Phils, affiliates help recovery efforts after Sandy
Home of Class A BlueClaws was a staging area following the storm
PHILADELPHIA -- FirstEnergy Park, home of the Class A Lakewood BlueClaws, sits about eight miles west of the Jersey Shore.
Hurricane Sandy, which destroyed much in its path late last month, spared the ballpark, other than a few downed signs and billboards.
"When I pulled up to the ballpark and saw six light towers, which is what we have, and the scoreboard, I figured we can handle everything else," BlueClaws general manager Geoff Brown said this week. "The damage here was minor."
It wasn't elsewhere. Millions lost power, and many lost their homes. As a result, FirstEnergy's parking lot became a staging area after the storm. Until recently, utility and tree-trimming trucks jammed the lot. An enormous tent had been assembled for shower, bathroom and dining facilities for workers trying to restore power to the area. The trucks are gone, but the park refilled Monday as 167 people from five different organizations, including the Phillies, Triple-A Lehigh Valley, Double-A Reading and Class A Lakewood and Trenton, scattered to 15 different locations in the area to help folks in need.
The Phillies sent more than 80 people to Lakewood, including Phillies president David Montgomery and general manager Ruben Amaro Jr. Aramark provided box lunches for everybody involved.
Many ripped up floors and gutted flooded homes. In at least one case, the help came as a surprise, with one homeowner telling Phillies employees they saved him days of work.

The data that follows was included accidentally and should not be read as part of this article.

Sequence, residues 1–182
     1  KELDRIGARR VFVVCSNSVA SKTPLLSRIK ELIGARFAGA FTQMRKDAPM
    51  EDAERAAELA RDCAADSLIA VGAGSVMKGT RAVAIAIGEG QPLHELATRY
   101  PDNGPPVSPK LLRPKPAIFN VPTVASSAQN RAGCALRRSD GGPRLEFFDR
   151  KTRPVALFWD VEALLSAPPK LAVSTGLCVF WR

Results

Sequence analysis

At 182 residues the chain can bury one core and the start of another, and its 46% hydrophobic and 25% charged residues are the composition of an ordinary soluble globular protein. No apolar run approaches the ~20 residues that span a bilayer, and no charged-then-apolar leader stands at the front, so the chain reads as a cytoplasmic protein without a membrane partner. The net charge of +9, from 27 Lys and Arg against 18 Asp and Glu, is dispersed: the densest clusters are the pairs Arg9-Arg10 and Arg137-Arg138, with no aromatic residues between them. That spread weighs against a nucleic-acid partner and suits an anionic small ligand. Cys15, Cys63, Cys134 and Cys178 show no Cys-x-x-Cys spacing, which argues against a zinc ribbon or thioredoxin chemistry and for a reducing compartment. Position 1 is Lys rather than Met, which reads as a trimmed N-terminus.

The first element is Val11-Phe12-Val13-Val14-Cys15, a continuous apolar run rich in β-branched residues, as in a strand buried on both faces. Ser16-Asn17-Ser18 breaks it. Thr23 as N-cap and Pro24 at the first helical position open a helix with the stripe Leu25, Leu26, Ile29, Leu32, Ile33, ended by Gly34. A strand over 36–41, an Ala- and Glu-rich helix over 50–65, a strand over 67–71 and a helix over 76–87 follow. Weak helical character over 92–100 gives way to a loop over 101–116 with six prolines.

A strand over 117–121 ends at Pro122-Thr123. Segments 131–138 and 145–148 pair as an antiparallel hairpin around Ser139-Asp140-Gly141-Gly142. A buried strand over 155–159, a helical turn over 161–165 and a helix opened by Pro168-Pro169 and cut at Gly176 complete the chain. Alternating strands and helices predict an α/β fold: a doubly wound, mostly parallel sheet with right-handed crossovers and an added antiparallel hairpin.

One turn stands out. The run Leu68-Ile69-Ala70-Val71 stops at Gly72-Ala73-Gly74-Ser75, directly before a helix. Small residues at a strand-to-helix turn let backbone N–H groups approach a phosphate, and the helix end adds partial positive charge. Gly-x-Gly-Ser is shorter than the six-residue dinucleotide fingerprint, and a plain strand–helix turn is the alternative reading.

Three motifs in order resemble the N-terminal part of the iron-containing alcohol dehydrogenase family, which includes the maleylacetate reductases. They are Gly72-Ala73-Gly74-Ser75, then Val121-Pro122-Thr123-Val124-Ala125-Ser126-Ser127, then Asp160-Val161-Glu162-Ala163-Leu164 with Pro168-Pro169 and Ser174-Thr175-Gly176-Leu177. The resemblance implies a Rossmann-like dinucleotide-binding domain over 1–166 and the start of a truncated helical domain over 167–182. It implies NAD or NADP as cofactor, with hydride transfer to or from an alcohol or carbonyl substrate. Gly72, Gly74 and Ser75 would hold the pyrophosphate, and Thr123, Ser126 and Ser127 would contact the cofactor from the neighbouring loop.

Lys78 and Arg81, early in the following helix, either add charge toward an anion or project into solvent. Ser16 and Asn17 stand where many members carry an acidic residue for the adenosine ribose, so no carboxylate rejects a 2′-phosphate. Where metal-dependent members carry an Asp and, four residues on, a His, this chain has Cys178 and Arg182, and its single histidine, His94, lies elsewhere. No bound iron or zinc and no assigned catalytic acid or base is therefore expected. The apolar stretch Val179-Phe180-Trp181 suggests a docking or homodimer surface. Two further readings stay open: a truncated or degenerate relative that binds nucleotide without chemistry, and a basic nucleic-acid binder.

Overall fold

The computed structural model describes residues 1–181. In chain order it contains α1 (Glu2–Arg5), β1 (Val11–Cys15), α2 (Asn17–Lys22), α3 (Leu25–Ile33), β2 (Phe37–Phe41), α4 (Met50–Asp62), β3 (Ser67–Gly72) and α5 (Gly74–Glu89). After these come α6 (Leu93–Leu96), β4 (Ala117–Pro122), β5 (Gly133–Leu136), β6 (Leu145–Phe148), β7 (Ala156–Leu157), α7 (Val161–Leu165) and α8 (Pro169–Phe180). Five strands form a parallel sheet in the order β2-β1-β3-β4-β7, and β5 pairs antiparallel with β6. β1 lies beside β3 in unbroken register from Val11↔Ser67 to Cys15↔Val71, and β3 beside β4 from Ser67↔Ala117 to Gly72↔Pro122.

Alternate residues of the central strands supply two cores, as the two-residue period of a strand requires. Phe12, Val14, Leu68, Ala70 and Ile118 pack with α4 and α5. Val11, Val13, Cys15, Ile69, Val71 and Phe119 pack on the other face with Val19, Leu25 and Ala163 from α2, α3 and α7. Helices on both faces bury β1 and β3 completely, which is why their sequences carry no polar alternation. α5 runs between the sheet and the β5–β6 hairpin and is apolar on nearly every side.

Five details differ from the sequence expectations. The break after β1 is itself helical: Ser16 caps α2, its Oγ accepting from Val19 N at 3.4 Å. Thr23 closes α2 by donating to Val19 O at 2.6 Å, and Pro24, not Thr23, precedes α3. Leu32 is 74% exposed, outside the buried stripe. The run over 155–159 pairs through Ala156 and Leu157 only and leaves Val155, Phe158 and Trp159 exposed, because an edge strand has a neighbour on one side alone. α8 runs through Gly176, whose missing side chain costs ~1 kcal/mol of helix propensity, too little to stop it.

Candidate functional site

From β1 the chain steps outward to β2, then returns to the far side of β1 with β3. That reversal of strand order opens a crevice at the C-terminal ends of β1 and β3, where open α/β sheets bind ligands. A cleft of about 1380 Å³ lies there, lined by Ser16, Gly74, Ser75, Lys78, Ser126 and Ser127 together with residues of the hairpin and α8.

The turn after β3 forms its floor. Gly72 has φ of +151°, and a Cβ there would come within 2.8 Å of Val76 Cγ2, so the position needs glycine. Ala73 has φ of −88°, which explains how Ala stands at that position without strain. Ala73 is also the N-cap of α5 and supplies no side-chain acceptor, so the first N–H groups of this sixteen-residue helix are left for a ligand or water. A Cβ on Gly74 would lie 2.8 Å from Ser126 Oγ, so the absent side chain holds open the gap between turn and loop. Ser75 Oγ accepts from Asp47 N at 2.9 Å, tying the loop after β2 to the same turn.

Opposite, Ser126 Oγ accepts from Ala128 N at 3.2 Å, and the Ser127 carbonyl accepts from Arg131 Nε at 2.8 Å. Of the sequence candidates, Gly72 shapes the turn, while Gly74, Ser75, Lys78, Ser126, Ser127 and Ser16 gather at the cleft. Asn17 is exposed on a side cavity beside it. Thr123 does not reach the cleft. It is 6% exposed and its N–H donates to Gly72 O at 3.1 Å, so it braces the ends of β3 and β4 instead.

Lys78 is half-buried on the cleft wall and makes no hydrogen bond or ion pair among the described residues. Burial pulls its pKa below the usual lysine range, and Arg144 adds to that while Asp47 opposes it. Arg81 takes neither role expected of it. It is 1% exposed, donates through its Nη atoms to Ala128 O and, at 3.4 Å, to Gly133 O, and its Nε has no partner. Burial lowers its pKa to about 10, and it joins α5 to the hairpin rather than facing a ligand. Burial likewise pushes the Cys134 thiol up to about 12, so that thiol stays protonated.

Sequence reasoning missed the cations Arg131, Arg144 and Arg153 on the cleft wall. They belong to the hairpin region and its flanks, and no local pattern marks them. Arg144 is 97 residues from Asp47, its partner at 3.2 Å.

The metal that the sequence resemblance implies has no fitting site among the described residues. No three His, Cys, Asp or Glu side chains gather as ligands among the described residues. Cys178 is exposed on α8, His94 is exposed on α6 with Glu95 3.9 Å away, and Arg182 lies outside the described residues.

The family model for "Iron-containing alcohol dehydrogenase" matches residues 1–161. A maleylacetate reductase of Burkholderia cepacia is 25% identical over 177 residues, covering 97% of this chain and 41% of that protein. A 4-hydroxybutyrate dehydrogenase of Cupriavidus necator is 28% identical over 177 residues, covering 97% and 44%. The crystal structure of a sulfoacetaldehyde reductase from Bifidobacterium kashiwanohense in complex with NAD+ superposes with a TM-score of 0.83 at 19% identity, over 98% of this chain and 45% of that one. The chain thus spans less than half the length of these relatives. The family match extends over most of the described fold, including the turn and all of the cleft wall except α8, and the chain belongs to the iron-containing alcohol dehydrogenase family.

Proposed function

Others worked with various charities.
Everybody got their hands dirty.
"We were all over," Brown said. "We just put teams together and said, 'Go get 'em.' It was great. The amount of people that called and e-mailed us within the first few days after the storm was fantastic. It kind of went from there. Everybody was all about it."
It has been a slow but steady road back to recovery. Some BlueClaws employees had been living in the luxury suites at FirstEnergy Park until recently because they could no longer live in their homes. Almost everybody else had been without power for seven-to-10 days following the storm.
"The help we got [Monday] just blew me away," Brown said. "The BlueClaws front office basically has been going out since a couple days after the storm. We called all the places where we've done stuff, and sent people there. It was fantastic."
People interested in helping are encouraged to donate to American Red Cross.
Todd Zolecki is a reporter for MLB.com. This story was not subject to the approval of Major League Baseball or its clubs.